"Justified: The Complete First Season" came out on DVD while I was at press tour (or possibly while I was recovering from press tour; that whole period is a haze), so I didn't get a chance to review it at the time. But in a way, the timing proved useful, since I was able to get an answer at press tour to one big question that wasn't discussed in any of the disc's ample bonus features. (At least not the ones I watched/listened to.)

The set itself is pretty spiffy. I'm always a believer that the episodes themselves need to be good enough to buy, regardless of the bonus features, and there are plenty of terrific episodes here, particularly in the back half of the season, for reasons I'll get to in a moment. Timothy Olyphant is marvelous in the part he was born to play, 21st century gunslinger Raylan Givens of the US Marshals service, Walton Goggins is just as good as his slippery nemesis Boyd Crowder, and Graham Yost and his writers have ably transplanted as much of the voice and narrative style of Elmore Leonard as they could.

And as often happens on season one DVD sets, there are a ton of bonus features about the series' origins, including a feature on the writing titled, aptly, "What Would Elmore Do?," a more expansive look at the construction of the series called "Shooting for Kentucky," several other making-of pieces and even an extended interview with real-life Marshal Charles Almanza, who serves as the technical advisor on both this show and "In Plain Sight." If you want to know how the sausage gets made, you won't lack for options.

The one thing that doesn't get discussed (unless it comes up in one of the commentaries I didn't get around to) is the evolution of the show's storytelling from largely self-contained episodes in the season's first half to a mostly serialized narrative in its second half.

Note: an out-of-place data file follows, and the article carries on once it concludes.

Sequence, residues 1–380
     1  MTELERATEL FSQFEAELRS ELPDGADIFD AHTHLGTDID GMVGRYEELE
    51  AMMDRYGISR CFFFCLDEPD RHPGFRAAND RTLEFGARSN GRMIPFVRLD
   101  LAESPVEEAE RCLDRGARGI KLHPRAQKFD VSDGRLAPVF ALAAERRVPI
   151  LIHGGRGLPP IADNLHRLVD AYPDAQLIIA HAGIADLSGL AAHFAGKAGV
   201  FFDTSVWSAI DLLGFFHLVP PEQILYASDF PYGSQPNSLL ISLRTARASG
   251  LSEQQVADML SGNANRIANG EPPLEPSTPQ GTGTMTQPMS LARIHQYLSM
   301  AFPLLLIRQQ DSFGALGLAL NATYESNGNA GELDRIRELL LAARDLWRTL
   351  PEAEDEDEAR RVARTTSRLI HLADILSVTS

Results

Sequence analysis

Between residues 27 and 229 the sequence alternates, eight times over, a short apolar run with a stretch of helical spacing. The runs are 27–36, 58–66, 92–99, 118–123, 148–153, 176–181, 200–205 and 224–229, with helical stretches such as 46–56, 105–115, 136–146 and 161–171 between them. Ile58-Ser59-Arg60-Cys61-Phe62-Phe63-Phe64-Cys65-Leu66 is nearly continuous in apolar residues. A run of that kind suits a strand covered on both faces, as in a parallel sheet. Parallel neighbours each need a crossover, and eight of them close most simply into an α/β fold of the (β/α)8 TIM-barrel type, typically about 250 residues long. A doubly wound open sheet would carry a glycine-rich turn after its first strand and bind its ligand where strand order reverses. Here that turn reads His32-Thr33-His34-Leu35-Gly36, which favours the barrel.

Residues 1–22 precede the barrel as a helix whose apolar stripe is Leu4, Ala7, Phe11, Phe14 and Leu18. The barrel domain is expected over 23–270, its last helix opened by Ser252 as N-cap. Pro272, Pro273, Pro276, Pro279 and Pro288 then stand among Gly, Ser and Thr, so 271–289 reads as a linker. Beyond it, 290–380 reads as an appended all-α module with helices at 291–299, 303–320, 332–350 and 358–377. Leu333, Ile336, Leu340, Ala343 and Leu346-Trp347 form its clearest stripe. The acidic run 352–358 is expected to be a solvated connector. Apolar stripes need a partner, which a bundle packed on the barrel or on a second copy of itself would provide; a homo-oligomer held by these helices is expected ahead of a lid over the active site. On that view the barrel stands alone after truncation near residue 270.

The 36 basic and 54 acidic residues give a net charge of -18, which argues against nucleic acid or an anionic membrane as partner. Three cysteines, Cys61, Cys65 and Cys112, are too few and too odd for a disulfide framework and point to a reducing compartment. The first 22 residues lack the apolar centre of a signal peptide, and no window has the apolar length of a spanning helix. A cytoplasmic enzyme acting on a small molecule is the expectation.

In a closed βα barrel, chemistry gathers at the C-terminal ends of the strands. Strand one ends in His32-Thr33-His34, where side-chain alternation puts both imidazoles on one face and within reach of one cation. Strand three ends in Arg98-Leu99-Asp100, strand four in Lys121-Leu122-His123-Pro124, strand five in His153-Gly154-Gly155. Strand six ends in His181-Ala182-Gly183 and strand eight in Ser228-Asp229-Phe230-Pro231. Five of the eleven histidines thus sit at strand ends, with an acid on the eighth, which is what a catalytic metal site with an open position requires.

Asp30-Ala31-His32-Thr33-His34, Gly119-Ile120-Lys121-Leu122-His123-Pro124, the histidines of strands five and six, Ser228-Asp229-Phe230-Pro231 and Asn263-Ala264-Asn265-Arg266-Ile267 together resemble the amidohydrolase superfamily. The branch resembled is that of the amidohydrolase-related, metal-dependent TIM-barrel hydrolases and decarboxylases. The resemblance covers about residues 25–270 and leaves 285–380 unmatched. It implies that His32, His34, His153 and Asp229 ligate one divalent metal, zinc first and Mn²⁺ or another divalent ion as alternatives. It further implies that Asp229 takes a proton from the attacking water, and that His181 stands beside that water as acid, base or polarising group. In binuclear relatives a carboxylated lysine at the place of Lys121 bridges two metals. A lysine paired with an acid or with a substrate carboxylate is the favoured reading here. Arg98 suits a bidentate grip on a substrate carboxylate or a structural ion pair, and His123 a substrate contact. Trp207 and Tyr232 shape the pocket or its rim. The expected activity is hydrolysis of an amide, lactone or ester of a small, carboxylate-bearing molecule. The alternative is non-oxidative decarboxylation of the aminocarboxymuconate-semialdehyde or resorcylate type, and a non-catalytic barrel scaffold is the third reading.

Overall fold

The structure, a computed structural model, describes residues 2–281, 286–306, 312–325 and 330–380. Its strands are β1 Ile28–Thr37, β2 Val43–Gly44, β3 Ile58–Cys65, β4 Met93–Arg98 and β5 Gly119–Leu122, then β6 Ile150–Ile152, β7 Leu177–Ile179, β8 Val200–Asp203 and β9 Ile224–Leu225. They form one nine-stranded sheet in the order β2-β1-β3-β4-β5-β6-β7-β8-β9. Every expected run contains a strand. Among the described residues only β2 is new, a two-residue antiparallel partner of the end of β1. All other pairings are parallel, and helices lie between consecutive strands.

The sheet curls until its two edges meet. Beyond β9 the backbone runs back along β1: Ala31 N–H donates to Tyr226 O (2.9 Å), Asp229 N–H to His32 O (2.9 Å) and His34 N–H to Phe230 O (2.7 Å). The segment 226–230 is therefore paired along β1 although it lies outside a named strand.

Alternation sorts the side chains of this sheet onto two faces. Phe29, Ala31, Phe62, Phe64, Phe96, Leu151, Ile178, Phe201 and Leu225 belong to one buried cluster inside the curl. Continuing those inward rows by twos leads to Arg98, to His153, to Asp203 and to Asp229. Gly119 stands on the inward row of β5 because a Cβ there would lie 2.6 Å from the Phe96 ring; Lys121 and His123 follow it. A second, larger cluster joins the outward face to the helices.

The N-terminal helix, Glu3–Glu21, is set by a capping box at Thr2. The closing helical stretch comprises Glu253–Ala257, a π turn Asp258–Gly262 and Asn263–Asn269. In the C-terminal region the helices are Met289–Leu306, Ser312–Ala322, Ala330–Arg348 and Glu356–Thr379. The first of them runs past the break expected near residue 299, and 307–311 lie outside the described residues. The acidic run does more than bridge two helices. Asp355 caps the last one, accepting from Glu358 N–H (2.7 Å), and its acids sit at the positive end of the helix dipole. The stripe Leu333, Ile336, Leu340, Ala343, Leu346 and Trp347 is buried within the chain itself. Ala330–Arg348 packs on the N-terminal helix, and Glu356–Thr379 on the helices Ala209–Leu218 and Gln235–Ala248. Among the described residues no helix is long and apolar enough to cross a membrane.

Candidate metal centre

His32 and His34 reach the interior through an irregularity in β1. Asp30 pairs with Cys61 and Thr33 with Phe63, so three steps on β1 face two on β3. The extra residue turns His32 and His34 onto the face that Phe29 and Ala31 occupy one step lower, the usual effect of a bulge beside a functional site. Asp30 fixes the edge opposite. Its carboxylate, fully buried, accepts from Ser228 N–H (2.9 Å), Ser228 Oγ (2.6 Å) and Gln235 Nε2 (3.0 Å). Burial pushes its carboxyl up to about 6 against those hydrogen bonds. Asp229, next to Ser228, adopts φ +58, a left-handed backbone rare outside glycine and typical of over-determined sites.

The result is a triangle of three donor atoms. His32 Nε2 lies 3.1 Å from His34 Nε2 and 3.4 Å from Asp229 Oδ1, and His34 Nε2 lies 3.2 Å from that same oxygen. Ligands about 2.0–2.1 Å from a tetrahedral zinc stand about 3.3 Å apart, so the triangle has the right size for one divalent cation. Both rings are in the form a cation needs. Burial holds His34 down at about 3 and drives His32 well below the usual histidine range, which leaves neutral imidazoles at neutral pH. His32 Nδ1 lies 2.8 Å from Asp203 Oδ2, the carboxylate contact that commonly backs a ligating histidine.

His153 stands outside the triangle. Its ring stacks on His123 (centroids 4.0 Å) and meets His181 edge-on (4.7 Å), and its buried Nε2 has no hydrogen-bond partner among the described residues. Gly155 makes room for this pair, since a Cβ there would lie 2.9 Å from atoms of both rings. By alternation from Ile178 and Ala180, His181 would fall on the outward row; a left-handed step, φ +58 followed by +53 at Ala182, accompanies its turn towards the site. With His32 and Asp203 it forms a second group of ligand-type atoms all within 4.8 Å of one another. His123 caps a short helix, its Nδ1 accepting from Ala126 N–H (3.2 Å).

I wasn't quite as down on the standalones as many of you guys (I happened to make the move to HitFix around the season's mid-point, so you can find my early reviews here and my later reviews here), as I thought one of the season's strongest episodes was the one where Raylan traveled to California in search of the runaway dentist. But it was clear that the season's second half was much more compelling overall than its first.

So when the "Justified" cast took the stage on press tour's last day, I asked Yost about that, and whether season two would more heavily serialized than season one.

"We had a good long talk with John Landgraf and everyone at FX before we started Season 2," Yost said. "What we did in the first season was have more standalone episodes that would also have things that would set up where we were going with the larger arcs. But the first half of the season was more standalone, and then it built momentum until we were pretty much in full serialized for the last four. This year, we discussed that we would have also have more standalone episodes because, hopefully, we are going to get a new audience this year. There will be more people who have seen it or just heard about it or whatever that will tune in. So we need to have those hours that kind of stand alone. So it’s more, sort of, our first four episodes four or five episodes have those, but (at the same time) while we are building our bigger serialized arc and then from that point on. So instead of it being, last year, sort of 50/50 or two-thirds standalone, whatever, this year we are pulling up that serialized element so that that, really, more than even the second half of the season. We know that that’s what the people who watch it really crave."

I've seen the first three episodes of season two (which starts a week from this Wednesday at 10 p.m.), and they're really good. I'll have a review next week, and at some point between now and the premiere I'll also post interviews I did with Goggins and Natalie Zea while I was at the tour.